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Comparing distributions of environmental outcomes for regulatory environmental justice analysis.

Maguire K, Sheriff G - Int J Environ Res Public Health (2011)

Bottom Line: As environmental justice (EJ) emerged as an ethical issue in the 1970s, the academic literature has provided statistical analyses of the incidence and causes of various environmental outcomes as they relate to race, income, and other demographic variables.In the context of regulatory impacts, however, there is a lack of consensus regarding what information is relevant for EJ analysis, and how best to present it.This paper helps frame the discussion by suggesting a set of questions fundamental to regulatory EJ analysis, reviewing past approaches to quantifying distributional equity, and discussing the potential for adapting existing tools to the regulatory context.

View Article: PubMed Central - PubMed

Affiliation: National Center for Environmental Economics, US Environmental Protection Agency, 1200 Pennsylvania Ave, NW, MC 1809T, Washington, DC 20460, USA. maguire.kelly@epa.gov

ABSTRACT
Economists have long been interested in measuring distributional impacts of policy interventions. As environmental justice (EJ) emerged as an ethical issue in the 1970s, the academic literature has provided statistical analyses of the incidence and causes of various environmental outcomes as they relate to race, income, and other demographic variables. In the context of regulatory impacts, however, there is a lack of consensus regarding what information is relevant for EJ analysis, and how best to present it. This paper helps frame the discussion by suggesting a set of questions fundamental to regulatory EJ analysis, reviewing past approaches to quantifying distributional equity, and discussing the potential for adapting existing tools to the regulatory context.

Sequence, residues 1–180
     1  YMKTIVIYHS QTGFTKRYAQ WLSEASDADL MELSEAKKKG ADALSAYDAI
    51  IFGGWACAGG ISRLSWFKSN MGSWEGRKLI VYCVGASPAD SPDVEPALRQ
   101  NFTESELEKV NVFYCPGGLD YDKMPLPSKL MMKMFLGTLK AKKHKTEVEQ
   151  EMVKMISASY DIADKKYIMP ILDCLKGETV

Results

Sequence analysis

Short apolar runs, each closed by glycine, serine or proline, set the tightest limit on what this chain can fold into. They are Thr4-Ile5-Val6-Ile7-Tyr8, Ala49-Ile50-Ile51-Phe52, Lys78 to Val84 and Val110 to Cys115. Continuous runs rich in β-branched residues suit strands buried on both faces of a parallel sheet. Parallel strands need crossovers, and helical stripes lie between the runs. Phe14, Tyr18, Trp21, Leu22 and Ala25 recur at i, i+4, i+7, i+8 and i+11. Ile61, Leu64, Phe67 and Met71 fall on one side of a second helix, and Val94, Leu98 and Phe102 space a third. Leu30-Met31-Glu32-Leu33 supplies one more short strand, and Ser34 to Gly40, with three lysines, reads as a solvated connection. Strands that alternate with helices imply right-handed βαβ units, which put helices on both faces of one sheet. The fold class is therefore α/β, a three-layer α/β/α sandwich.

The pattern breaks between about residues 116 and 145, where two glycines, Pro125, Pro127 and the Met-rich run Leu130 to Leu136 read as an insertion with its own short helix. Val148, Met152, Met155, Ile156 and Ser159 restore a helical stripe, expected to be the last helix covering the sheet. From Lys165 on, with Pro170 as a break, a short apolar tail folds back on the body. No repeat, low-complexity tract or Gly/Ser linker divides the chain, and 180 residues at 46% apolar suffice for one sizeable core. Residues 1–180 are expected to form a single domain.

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Lorenz curves.
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Related In: Results  -  Collection

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f1-ijerph-08-01707: Lorenz curves.

Mentions: Lorenz Curves. If one accepts the ethical premise that it is always desirable to transfer a unit of pollution away from a highly exposed individual to a lesser exposed one, then Lorenz curves provide a means of ranking policy outcomes. Some hypothetical Lorenz curves for distribution of a pollutant are depicted in Figure 1. The horizontal axis of the graph indicates percentiles of the population ranked by pollution exposure: 10 corresponds to the ten percent of the population least exposed to the pollutant, 50 corresponds to the half of the population least exposed to pollution, etc. The vertical axis represents the percent of pollution exposed by percentile. The black diagonal line depicts a perfectly equal distribution of exposure: the lowest 10 percent of the population experience 10 percent of the exposure the lowest 50 percent of the population experience half the exposure, etc.